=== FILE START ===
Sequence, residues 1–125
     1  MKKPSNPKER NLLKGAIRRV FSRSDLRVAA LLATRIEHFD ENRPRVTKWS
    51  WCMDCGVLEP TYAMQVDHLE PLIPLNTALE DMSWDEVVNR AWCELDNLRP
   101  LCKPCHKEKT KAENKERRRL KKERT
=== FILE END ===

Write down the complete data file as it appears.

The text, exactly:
Sequence, residues 1–125
     1  MKKPSNPKER NLLKGAIRRV FSRSDLRVAA LLATRIEHFD ENRPRVTKWS
    51  WCMDCGVLEP TYAMQVDHLE PLIPLNTALE DMSWDEVVNR AWCELDNLRP
   101  LCKPCHKEKT KAENKERRRL KKERT